There are four branches of the military:
- Air Force
What’s to Like About Military Medical Careers:
One of the major advantages to military medical jobs is the paid training and education. In return for a pre-determined number of service years to pay back your training and education, you will not have to pay out of pocket for your medical degree, nursing degree, or other related healthcare training. Usually the service years are around four years of active duty, sometimes more or less depending upon the level of education and training you received from the military. Once your service requirements are met, you are free and clear of any debt for your medical training.
Furthermore, military medical careers are a great option for people who love medicine but do not wish to be confined to a medical office or hospital. For example, you could be a flight surgeon or work on an air craft carrier for the Air Force, or you could work as a nurse or doctor on a Navy submarine . . . there are many options!
Another perk of working in the military is that your living expenses are often paid in addition to your salary. Although your salary may not be as high as civilians’ salaries, your living expenses will be much less, and your benefits much greater, such as healthcare, military pension, and more. Additionally, as a government employee, your job stability is high, you have a set schedule and steady paycheck, and you don’t have to worry about building your practice or running a business.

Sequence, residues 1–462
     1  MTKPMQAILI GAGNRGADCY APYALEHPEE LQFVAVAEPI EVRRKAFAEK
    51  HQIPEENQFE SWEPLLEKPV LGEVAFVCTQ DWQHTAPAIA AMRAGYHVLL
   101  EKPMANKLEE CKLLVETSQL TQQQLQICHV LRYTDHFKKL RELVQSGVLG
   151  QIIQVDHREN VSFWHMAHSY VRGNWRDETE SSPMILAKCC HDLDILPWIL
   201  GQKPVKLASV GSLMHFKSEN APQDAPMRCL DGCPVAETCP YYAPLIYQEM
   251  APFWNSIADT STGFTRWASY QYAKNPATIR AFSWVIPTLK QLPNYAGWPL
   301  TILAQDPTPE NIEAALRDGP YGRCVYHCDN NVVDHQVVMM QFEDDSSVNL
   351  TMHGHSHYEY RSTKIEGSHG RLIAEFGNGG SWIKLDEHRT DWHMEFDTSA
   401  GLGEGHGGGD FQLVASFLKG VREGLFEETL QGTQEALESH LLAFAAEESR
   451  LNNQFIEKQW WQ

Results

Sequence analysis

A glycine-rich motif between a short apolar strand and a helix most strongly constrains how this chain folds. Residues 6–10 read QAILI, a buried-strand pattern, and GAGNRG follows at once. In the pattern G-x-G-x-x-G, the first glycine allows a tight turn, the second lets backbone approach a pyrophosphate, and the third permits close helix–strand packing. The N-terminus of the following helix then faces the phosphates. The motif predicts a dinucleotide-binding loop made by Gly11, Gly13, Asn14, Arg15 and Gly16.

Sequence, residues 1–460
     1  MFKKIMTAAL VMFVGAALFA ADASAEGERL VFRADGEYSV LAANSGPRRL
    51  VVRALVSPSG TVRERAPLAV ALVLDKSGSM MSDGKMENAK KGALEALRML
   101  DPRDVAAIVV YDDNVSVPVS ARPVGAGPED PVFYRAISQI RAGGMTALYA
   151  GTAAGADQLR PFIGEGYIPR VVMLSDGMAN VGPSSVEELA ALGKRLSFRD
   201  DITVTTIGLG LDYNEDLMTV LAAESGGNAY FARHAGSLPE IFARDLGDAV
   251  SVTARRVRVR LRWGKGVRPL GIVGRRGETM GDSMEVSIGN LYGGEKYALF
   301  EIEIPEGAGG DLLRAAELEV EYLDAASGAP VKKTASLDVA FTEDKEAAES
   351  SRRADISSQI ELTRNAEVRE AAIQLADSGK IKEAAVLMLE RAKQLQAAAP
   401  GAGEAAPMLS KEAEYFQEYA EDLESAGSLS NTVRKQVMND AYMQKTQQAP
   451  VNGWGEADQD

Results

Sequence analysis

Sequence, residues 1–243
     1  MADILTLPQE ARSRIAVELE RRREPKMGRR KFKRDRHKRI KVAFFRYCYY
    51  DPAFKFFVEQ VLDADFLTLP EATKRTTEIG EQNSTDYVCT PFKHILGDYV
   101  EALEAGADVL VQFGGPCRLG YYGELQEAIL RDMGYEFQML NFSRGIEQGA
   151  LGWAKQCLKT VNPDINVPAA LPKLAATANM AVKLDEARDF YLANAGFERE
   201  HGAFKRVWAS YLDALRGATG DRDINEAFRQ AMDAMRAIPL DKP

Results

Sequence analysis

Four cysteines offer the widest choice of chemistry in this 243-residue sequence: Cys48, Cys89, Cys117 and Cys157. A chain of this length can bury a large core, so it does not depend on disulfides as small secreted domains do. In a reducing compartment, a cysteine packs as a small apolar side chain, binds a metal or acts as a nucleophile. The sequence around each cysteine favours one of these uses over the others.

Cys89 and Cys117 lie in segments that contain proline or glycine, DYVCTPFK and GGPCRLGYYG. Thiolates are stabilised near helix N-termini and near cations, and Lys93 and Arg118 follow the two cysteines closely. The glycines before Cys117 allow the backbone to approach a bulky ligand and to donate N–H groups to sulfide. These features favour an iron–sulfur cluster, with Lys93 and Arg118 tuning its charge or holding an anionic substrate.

What’s Not to Like:
One of the major drawbacks of a medical military career is that your life is not your own while you are training and serving in the military. “You are asked for your preferences as to where you’d like to go, but rarely do you end up at your preferred location. The military can send you to work anywhere from Cleveland Ohio to Hawaii or Alaska,” states Victoria Miller, a former Air Force medical recruiter who now recruits physicians for civilian jobs with The MD Firm. Additionally, overseas deployment during war could be a deterrent for many who do not wish to be separated from their families.
Lastly, while not a major drawback, some medical professionals I’ve interviewed have shared that the bureaucracy of the military can be daunting. While the patient load may be lighter, the administrative paperwork required is much larger. Also, as a military nurse or physician, you would only be treating military personnel and their families. Some doctors and nurses desire to expand their scope of practice to include a greater variety of patients.
Another great resource for military medical career information is About.com's Guide to the U.S. Military, Rod Powers. I have provided some links to his articles about specific medical military jobs below.